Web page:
By John Kimmel

  In doing research in some of the cemeteries of Crawford County, I was amazed at the number of Civil War soldiers that are buried in the cemeteries here. In reading the obituaries of some of them, they were really heroic in the giving of their time and their lives in the time of war.

  One soldier in particular that caught my attention was William Paris Allsman who is buried in the Cross Roads Cemetery. William was born February 12 1831 and died August 14 1892. William was born in Sullivan County Indiana. He was the eighth child in a family of fourteen children. His parent's were Aaron and Elizabeth Louge Allsman.

  William was a private in the 35th Regiment Illinois Infantry, from July 3 1861 to September 27 1864. The regiment marched 3056 miles. Can you imagine walking that many miles and at the same time fighting the enemy? Williams's regiment fought in the battle at Pea Ridge in Arkansas where the Union forces effectively ended southern hopes of taking Missouri This took place in the spring of 1862.
  He was then in the battle at Cormith. The next battle was Perryville, this was on October 8 1862 at Perryville Kentucky. Then the battle of Stone's River. On December 30 1862, Union forces camped along Stone's River a mile northwest of Murfreesboro Tennessee. The two armies spent the night only a few hundreds yards apart, their bands competing with one another, alternating northern and southern tunes. Then one band struck up 'Home. Sweet Home" another joined in, and then another, unit 78,000 men were singing it together in the icy darkness. The next day the Confederates attack at dawn. The fighting was some of the fiercest of the war.

  In June 1863 William took part in the battle of Chicamauga Creek out of Chattanooga Tennessee. The furious two day battle fought there cost 4.000 lives and 35.000 casualties in all. Lincolns sorrow at the Unions defeat was intensified by the death of his wife's brother-in-law. On June 27 thirteen thousand Union men stormed the Confederates on Kennesaw Mountain and failed. William Allisman was there. He was also at the battle of Missionary Ridge and Rock Face Ridge. He was also at the battle of Atlanta which took place between July 20 to the 28 1864.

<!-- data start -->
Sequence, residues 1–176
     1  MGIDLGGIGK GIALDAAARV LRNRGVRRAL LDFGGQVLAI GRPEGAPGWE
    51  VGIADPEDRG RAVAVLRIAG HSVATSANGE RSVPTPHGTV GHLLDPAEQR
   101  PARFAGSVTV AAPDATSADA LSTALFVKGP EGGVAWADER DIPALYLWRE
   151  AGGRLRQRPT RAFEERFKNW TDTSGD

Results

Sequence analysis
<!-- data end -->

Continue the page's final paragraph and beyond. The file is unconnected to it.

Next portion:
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  The next soldier that caught my attention was Abraham I Canary who is buried in Kinder Cemetery in Cuba. He was born May7 1842 in Kentucky. He left Kentucky when a small boy and went to Franklin Indiana. He enlisted in Company F 7th Indiana Infantry September 2 1861 and served until April 4 1865. Mr. Canary was wounded at the battle of the Wilderness and taken prisoner on May6 1864. He was imprisoned until February 27 1865. Many months of his imprisonment were spent in the infamous Andersonville Prison in Georgia.

  Andersonville Prison was a prison camp for the northern soldiers in the south. There was no shelter .no water, and very little food. A prisoner was really lucky to have survives the treatment at Andersonville. If you are interested in the history of Andersonville MacKinlav Kantor has written a book titled "Andersonville."

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